2. One way to help the stressors you can control is to ask for help! I have a friend, Katie, who works at a child care center and is a live-in caretaker for her parents in poor health. Recently, Katie’s mother was admitted to the hospital. Katie spent a lot of time at her mother’s bedside to support and comfort her and eventually her mother pulled through. As a result, Katie got behind in her lesson plans and felt overwhelmed.

When my mother passed away, I took only enough time off from my two jobs for the wake and funeral. I was back to work the next day. I didn’t ask for help. I thought I could handle it by myself. I didn’t want to see Katie make the same mistake I did, so I suggested that she ask her coworkers and director for help and that they would understand. You are not a superhuman. It’s ok to admit when you need a little help.

3. If the stressors get to be too much, take a quick break. My sister takes her lunch out to the car at work and eats it there. She makes an effort to create a separation between work time and HER time, even if it’s just to eat and listen to the radio for 15 minutes.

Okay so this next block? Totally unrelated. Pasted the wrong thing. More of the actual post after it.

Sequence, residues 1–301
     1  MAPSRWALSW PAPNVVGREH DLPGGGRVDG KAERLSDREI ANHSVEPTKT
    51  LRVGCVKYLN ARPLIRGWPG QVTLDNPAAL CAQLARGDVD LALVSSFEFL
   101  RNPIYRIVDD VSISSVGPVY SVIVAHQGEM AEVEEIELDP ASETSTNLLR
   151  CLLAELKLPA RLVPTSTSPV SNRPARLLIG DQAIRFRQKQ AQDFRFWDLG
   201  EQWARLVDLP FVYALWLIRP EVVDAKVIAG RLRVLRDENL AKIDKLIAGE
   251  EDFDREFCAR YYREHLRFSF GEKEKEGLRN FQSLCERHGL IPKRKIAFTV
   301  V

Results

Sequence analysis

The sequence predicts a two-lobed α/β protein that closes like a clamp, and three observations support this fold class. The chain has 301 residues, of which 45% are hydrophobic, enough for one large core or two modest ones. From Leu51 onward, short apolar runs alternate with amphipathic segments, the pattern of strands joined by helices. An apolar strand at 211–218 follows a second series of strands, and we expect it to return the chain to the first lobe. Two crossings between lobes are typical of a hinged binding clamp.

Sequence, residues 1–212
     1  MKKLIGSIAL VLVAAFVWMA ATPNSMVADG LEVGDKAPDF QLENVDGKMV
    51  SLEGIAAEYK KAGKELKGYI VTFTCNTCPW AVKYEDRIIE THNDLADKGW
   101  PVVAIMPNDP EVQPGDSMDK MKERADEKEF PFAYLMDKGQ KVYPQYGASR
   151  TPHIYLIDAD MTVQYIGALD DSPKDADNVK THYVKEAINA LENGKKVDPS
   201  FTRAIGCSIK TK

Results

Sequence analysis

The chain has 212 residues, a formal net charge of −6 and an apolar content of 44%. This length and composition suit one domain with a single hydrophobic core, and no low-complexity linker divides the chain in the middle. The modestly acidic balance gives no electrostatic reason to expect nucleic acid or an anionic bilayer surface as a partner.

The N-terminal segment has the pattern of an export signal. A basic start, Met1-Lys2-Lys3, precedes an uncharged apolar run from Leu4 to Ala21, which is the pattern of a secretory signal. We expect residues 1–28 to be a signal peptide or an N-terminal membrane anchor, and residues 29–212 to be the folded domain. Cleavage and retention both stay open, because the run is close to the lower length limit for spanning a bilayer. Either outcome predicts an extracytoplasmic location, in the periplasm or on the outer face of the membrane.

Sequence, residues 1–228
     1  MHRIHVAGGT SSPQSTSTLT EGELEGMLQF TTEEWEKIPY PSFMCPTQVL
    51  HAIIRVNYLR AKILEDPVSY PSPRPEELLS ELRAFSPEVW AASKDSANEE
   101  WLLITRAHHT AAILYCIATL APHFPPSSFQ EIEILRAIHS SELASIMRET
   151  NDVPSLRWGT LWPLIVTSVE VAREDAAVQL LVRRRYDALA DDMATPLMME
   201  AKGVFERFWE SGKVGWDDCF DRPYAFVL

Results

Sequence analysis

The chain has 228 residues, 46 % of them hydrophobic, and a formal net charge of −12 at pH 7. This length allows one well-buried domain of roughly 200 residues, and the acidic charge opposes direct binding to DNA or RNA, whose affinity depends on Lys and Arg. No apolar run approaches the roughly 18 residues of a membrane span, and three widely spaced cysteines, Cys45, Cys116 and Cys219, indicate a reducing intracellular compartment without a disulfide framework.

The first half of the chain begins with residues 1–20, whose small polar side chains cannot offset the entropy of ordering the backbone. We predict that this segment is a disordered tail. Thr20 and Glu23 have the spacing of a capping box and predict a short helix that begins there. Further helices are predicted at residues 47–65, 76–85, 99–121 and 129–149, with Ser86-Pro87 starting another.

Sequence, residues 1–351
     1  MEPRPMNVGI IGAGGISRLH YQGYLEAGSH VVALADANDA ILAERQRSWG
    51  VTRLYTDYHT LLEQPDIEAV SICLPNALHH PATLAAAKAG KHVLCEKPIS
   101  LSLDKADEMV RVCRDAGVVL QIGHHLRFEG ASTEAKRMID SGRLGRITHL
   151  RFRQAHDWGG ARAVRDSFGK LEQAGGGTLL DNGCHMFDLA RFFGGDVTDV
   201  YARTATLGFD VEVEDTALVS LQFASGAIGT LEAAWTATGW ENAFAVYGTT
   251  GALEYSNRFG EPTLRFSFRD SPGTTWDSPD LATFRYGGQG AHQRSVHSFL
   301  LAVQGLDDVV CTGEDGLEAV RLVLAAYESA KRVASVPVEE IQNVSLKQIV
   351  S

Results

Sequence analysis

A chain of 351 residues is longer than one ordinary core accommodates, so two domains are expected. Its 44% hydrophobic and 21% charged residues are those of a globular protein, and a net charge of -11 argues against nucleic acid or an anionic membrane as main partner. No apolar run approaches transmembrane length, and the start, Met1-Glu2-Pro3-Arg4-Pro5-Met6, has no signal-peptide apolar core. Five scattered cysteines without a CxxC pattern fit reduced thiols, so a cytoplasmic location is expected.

4. Speaking of eating, make sure you’re not stress-eating. Ask yourself: am I eating because I’m hungry or because I’m stressed? If it isn’t because you’re hungry, don’t eat it, or chew some gum. Also, stop eating before you get full and eat slowly.

5. Laugh. It’s so simple, and it works. I was asked this week to submit my workload to my supervisor for review. Between the 39 trainings I’m trained on (plus 8 more by the end of the year), the 33 trainings I did in the last six months and the 22 centers I’m actively working with, her response was: “What don’t you do?” I responded: “Sleep.” We both got a good laugh out of it.

6. While we’re on the subject, get enough sleep. Sleep is incredibly, incredibly important for managing stress, but don’t do it at work! Even though I joked about it, I do make sure to get 7-8 of sleep on average each night. There have been nights that stress has kept me awake, but I know that if I don’t get enough sleep, chances are I’m going to be extra stressed the next day.

7. Last, but not least, count your blessings—physically. Make a list like you did with your stressors, but of things that you are thankful for. I have done this several times when I’ve been really stressed. It truly helps put things into perspective. Each time I do it, the list gets longer.

Here’s a small sampling: I’m thankful to have a job that I enjoy; I’m thankful that I’m getting married; I’m thankful that my family and I are healthy; I’m thankful that I have an awesome dog; I’m thankful that I have such fabulous coworkers; I’m thankful that I am able to love myself, even with all my quirks (and I’ve got a lot of quirks)!